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Spain's Supreme Court to settle 'Wolf Pack' sex abuse case

The Supreme Court, whose proceedings were broadcast live on national TV, was initially expected to reach a verdict later on Friday although a court official said that this could potentially be delayed.

FILE: Journalists set cameras in front of Spain's Supreme Court in Madrid on 21 June 2019, on the day the court will examine a case so controversial it sparked mass protests after five men accused of gang-raping a woman were convicted of the lesser crime of sexual abuse. Picture: AFP

MADRID - Spain’s Supreme Court considered on Friday whether to uphold a ruling that cleared five young men of gang-raping a teenager at a bull-running festival, concluding a case that triggered mass protests and calls to change the law.

The woman, who was 18 at the time, and the men, who called themselves the “Wolf Pack”, have both appealed to Spain’s highest court after a regional court sentenced the gang to nine years each over the lesser charge of sexual abuse.

The woman’s lawyer, who says she was raped in a doorway in the early hours of the morning at the 2016 San Fermin festival, called for 15-year sentences, plus two years and nine months for robbery with intimidation for each of the accused and a further €250,000 (£178,388.19) compensation for the plaintiff.

The Supreme Court, whose proceedings were broadcast live on national TV, was initially expected to reach a verdict later on Friday although a court official said that this could potentially be delayed.

Fragments of video from the men’s mobile phones taken at the scene were used as evidence in the original trial, alongside biological tests. The regional court heard they had shared videos of the incident in a WhatsApp group and joked about it shortly afterwards.

The teenager was found crying on a bench by a couple who rang the police when she said she had been attacked.

The defendants’ lawyers say sex was consensual. “The victim could have said ‘No’,” lawyer Agustin Martinez said.

However, the woman’s lawyers say she was raped and had not fought against the men due to the shock and fear she experienced.

“Nobody can grab, throw or push anyone without applying force. They applied enough force to bend the will of the victim,” a lawyer for the city of Pamplona, Victor Sarasa, told the court on Friday.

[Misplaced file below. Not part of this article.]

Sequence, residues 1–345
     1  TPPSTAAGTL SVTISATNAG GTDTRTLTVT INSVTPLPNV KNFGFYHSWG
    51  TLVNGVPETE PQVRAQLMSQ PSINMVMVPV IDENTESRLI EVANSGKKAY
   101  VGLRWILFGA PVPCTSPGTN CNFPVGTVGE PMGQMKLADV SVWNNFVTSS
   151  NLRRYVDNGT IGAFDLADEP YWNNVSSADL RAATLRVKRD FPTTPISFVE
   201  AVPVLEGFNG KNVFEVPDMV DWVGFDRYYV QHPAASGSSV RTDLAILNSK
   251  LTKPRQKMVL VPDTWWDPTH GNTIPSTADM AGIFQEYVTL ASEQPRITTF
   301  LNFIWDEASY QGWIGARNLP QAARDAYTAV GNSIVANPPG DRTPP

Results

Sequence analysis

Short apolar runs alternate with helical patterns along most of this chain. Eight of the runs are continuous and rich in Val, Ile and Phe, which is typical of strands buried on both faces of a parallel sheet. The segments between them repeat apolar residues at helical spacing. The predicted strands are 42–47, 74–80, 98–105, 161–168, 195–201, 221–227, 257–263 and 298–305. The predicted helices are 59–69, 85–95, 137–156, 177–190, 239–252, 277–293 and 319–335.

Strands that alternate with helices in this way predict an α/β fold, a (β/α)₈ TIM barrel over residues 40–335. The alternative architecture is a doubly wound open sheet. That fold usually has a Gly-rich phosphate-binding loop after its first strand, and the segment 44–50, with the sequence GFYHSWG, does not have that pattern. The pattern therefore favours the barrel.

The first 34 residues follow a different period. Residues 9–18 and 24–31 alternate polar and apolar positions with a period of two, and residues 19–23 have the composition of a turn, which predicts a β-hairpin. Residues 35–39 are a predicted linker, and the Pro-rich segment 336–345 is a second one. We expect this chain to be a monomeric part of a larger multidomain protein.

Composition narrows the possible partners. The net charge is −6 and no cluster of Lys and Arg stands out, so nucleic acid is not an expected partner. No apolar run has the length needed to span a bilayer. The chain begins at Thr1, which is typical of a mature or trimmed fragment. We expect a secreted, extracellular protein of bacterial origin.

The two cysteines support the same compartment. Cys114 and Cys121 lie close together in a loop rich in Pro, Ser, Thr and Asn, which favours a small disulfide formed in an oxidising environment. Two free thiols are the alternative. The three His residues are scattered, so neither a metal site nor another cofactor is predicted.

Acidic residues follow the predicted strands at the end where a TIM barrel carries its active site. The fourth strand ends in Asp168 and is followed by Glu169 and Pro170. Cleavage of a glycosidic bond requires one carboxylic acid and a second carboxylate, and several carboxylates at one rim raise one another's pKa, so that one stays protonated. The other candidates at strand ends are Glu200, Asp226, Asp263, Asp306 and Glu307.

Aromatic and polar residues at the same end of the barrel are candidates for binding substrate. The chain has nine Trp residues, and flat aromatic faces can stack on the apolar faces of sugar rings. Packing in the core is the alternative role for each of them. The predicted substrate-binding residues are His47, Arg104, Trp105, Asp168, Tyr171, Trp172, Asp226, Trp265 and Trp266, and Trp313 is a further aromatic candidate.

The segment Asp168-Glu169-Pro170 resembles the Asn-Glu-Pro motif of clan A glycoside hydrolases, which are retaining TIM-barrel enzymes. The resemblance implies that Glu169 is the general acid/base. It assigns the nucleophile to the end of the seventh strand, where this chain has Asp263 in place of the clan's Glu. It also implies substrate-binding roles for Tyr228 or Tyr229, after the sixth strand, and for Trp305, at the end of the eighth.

A rape charge in Spain requires a plaintiff to present evidence of intimidation or specific violence such as being threatened with a knife or dealt physical blows.

The public prosecutor agreed that there was use of violence and intimidation in the assault.

“You can’t ask victims to act in a dangerously heroic way,” prosecutor Isabel Rodriguez said.

'I BELIEVE YOU, SISTER'

Mass protests were organised throughout Spain after the regional court awarded the lesser sentence for sexual abuse. Thousands brandished banners that read “I believe you sister” and chanted “It’s not abuse, it’s rape”.

Marisa Soleto, head of the Women’s Foundation pro-equality group, said she hoped the Supreme Court would acknowledge that rape had occurred.

“There is a social consensus on changing the law and Spain’s justice system must react to that concern ... by showing it knows what crimes against women’s sexual freedom are,” she said.

During the appeal process, the men were freed from jail on a legal technicality that no one can be held for more than two years without a definitive sentence, which further fuelled protests calling for tougher punishment of sex crimes.

The bull festival in Pamplona involves hundreds of people dressed in white shirts and red neckerchiefs running down narrow streets in front of fighting bulls before ending in the city’s bull-ring, where bullfights take place in the afternoon.

The festival is just as famous for the drinking and revelry on the sidelines, with huge street parties, processions and firework displays. The event draws thousands of tourists from all over the world.

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